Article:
Poland's centre-right prime minister would risk losing almost half of his popular support if the government bit the bullet and raised taxes to fill a budget hole caused by the economic downturn, a survey showed on Friday.
Prime Minister Donald Tusk and his Civic Platform (PO) party maintain poll ratings of around 40 per cent, boding well for upcoming presidential and parliamentary elections despite a slowdown which has raised unemployment and hurt consumers.
But Tusk's government, which swept to power in 2007 on a platform of tax cuts, has signalled it might have to make unpopular rise in taxes next year as it struggles to rein in a budget deficit that it has already had to raise by half.
A survey by pollster Homo Homini for daily Dziennik and Polsat News showed 49.2 per cent of Poles who back Tusk would withdraw their support if he implemented tax hikes.
Tusk, the most popular politician in the European Union's biggest ex-communist state, is widely expected to run for president in an election due in the autumn of 2010. Parliamentary elections follow in 2011.
His PO-led coalition government is the most economically liberal since the toppling of the communist regime in 1989 and has slashed its budget deficit by a third since taking power.
But the government was forced to up its planned cap for the 2009 deficit to 27 billion zlotys this week from a previous 18.2 billion. Ministers are trying hard to avoid deep spending cuts or tax hikes but Tusk himself has conceded some action may be necessary.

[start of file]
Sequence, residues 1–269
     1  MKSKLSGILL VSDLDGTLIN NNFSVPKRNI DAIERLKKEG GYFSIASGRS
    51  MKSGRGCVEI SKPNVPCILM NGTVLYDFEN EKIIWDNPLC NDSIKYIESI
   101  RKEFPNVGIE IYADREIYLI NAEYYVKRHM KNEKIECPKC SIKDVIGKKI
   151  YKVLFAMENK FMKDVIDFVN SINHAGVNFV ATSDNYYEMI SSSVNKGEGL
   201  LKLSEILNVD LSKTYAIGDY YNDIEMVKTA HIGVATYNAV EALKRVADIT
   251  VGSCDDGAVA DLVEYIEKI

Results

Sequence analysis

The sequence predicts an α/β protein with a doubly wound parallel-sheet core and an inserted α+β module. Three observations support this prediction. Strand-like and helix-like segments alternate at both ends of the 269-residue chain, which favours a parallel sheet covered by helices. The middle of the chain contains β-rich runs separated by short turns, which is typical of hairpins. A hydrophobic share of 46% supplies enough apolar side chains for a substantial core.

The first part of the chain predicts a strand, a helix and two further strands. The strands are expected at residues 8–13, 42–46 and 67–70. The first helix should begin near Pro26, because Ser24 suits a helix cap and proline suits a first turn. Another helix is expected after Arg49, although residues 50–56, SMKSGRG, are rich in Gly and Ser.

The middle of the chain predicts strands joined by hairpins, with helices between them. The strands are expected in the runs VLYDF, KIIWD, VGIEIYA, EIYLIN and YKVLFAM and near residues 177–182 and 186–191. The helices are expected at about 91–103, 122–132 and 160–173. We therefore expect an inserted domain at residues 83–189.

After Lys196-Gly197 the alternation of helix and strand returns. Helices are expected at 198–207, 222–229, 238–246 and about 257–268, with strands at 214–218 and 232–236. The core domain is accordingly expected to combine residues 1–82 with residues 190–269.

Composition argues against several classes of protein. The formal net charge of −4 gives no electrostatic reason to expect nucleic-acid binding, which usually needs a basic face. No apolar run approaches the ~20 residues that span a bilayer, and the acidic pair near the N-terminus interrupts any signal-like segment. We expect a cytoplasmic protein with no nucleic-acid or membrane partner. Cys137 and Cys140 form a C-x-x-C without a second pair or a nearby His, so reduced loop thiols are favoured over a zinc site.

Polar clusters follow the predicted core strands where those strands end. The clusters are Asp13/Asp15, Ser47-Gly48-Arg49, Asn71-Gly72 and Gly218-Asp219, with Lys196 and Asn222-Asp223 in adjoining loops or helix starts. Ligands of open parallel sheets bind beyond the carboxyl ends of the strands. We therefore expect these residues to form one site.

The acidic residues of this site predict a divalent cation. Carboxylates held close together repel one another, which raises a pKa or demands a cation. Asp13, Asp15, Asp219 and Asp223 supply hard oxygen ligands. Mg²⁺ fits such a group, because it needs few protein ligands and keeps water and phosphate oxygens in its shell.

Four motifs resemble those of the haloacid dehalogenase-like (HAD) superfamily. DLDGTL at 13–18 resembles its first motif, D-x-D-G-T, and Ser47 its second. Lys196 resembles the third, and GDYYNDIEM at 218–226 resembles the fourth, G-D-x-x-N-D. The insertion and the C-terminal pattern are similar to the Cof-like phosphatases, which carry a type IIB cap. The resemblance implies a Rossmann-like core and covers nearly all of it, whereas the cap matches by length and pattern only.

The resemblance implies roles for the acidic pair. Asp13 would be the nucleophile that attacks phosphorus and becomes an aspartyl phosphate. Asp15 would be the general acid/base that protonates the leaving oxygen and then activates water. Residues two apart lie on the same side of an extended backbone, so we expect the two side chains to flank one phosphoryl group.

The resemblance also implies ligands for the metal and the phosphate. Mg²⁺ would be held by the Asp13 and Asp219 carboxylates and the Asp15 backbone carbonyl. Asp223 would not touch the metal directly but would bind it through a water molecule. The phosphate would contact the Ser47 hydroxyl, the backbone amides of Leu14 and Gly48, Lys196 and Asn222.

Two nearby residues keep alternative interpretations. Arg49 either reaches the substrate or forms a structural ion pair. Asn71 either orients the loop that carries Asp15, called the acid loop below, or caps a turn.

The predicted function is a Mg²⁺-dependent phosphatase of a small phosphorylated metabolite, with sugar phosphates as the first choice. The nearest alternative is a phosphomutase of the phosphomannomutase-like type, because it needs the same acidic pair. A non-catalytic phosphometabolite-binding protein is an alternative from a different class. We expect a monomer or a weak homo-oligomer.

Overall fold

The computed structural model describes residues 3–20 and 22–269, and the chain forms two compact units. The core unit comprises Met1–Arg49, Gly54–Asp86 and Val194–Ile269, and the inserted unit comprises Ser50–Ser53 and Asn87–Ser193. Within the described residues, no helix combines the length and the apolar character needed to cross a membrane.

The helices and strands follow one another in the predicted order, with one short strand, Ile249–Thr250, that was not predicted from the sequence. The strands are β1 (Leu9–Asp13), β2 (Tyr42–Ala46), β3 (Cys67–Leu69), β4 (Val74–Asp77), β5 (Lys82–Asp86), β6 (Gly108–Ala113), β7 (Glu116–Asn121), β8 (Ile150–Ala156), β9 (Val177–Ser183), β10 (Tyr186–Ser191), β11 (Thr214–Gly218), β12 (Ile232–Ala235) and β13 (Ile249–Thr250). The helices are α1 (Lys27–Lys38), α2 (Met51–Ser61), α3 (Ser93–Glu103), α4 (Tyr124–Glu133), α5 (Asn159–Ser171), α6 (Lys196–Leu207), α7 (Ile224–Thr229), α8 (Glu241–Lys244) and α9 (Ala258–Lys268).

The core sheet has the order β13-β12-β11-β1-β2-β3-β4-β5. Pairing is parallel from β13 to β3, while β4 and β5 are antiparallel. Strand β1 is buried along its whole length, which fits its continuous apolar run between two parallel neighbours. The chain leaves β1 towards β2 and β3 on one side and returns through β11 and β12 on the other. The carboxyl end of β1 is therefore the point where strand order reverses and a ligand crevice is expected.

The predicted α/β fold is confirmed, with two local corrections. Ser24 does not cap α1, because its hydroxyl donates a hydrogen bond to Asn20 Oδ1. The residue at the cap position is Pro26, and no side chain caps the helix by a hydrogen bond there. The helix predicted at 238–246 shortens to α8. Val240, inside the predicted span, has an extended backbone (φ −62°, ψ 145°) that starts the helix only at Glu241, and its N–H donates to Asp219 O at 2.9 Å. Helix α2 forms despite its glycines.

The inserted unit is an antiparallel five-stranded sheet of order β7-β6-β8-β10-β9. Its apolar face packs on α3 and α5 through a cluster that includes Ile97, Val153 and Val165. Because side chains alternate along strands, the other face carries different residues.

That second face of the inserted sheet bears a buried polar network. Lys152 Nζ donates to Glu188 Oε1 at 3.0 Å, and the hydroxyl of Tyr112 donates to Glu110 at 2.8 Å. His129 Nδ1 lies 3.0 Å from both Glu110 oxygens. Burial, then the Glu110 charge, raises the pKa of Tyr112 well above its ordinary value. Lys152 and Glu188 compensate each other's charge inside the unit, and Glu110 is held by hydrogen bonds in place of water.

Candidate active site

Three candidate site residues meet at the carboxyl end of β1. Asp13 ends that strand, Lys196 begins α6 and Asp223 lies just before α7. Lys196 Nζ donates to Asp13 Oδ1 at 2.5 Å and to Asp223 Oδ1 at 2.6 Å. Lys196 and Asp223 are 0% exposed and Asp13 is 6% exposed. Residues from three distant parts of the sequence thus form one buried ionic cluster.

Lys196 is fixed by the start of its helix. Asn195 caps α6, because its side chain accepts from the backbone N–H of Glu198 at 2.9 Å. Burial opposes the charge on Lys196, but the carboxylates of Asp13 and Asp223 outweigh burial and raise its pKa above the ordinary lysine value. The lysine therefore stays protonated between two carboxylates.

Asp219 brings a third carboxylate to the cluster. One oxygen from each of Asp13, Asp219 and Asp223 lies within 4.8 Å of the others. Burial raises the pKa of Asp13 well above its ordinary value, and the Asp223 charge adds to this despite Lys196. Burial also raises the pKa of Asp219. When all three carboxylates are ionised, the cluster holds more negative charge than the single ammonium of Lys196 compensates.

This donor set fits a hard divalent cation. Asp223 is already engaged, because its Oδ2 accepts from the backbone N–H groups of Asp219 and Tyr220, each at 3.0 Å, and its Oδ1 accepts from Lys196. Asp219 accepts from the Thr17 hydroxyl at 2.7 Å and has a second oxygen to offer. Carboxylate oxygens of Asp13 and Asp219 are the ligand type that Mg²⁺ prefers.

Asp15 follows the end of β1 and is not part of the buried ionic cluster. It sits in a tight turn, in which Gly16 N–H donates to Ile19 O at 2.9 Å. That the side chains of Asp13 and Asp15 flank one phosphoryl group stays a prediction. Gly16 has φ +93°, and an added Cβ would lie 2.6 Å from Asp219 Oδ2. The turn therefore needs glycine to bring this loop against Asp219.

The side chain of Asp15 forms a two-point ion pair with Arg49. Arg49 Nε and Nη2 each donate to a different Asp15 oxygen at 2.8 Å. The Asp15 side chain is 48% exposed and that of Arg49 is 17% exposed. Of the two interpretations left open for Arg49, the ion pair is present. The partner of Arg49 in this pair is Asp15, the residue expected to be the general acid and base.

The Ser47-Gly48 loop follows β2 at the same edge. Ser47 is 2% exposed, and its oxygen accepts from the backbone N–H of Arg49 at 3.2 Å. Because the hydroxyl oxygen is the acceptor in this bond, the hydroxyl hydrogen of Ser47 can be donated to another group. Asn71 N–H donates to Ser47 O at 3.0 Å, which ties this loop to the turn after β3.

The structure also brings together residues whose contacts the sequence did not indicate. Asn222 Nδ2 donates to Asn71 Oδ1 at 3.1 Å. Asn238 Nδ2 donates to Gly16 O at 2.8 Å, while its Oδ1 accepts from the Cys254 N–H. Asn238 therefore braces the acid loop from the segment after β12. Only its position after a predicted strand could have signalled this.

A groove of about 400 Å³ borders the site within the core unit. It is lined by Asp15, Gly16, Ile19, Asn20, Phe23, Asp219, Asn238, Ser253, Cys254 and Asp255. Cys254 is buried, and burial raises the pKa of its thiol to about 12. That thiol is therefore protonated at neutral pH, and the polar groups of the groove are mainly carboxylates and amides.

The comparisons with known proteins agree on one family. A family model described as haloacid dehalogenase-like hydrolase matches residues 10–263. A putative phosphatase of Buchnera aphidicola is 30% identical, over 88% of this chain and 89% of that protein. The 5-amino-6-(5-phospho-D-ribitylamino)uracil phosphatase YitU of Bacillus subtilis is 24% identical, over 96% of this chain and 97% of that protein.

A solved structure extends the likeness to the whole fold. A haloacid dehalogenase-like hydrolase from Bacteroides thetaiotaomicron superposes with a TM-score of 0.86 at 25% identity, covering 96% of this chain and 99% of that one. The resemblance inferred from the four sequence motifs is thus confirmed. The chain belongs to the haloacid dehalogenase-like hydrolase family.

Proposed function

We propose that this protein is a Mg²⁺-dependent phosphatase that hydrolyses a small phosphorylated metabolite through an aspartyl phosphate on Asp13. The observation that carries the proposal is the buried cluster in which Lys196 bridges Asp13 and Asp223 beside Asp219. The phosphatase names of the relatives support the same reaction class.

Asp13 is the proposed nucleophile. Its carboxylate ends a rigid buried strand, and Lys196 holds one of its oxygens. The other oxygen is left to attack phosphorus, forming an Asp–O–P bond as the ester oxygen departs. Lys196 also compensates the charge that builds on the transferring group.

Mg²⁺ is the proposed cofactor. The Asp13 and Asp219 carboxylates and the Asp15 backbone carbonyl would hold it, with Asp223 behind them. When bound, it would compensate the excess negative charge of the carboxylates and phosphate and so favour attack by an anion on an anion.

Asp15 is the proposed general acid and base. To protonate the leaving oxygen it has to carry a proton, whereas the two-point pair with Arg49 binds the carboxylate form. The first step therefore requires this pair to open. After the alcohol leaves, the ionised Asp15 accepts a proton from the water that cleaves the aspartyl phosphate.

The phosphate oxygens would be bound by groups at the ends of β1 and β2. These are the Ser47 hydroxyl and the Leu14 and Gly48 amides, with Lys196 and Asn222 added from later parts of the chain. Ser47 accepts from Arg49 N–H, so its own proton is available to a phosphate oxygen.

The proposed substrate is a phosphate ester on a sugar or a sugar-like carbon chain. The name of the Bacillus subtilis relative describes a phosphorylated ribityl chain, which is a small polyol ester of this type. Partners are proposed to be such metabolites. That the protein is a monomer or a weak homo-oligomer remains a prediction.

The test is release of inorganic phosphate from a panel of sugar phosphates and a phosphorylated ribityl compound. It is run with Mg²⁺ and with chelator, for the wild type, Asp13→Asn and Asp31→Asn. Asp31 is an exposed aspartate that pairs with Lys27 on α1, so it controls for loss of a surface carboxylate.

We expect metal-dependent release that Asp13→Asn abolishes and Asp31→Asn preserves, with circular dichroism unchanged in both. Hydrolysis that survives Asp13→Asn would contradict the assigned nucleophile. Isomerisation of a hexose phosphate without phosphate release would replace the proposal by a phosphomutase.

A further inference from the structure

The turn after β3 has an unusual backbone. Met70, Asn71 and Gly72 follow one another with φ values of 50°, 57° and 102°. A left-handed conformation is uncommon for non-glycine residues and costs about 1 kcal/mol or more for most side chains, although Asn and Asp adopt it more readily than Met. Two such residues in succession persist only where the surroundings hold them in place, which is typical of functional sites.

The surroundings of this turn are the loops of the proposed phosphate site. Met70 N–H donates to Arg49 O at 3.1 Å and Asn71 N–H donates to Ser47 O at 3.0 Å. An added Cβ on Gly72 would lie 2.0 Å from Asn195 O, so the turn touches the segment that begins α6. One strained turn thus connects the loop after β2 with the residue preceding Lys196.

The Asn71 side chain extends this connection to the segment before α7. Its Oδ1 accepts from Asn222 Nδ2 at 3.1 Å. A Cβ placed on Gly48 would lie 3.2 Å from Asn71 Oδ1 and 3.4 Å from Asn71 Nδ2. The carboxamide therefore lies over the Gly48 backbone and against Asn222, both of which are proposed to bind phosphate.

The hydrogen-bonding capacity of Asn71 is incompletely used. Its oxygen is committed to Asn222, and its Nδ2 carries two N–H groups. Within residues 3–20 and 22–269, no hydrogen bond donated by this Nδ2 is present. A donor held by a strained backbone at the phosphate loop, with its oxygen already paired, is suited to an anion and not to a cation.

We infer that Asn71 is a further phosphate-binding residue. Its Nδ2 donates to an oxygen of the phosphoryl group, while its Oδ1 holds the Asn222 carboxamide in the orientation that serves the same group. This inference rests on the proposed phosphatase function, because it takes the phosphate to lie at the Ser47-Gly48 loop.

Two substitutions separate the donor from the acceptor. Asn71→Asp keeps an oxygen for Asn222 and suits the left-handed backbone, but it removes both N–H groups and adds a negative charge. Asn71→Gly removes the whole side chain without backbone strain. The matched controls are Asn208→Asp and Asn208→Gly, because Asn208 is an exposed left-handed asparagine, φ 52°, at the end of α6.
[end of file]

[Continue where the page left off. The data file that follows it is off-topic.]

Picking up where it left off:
Asked about the survey and the possibility of tax hikes, the head of PO's parliamentary caucus, Zbigniew Chlebowski, said on Friday: "Increasing taxes would be the last resort. What we need to do first is to reduce spending, speed up privatisation... But if that isn't enough, we'll have to raise taxes."
"But if we need to increase taxes, we would only do it temporarily for two years - 2010 and 2011. VAT is the main source of budget revenues, some 100 billion zlotys, so we have the most possibilities there," he said.
President Lech Kaczynski, a right-wing populist who has often vetoed the government's reforms, and opposition parties are expected to oppose any proposed tax hikes in a bid to curry favour with voters.
"(Any hikes) could lead to some groups withdrawing their support for Tusk and the Platform. It's a real threat," said Iwona Jakubowska-Branicka, a professor at Warsaw University. "Nobody likes higher taxes. There are elections in 2010 and in 2011 -- exactly the two years when higher taxes would apply,"
"The government is in a tight spot. On the one hand, there is an economic crisis, on the other, this is unpopular. And all this with an opposition completely unwilling to cooperate."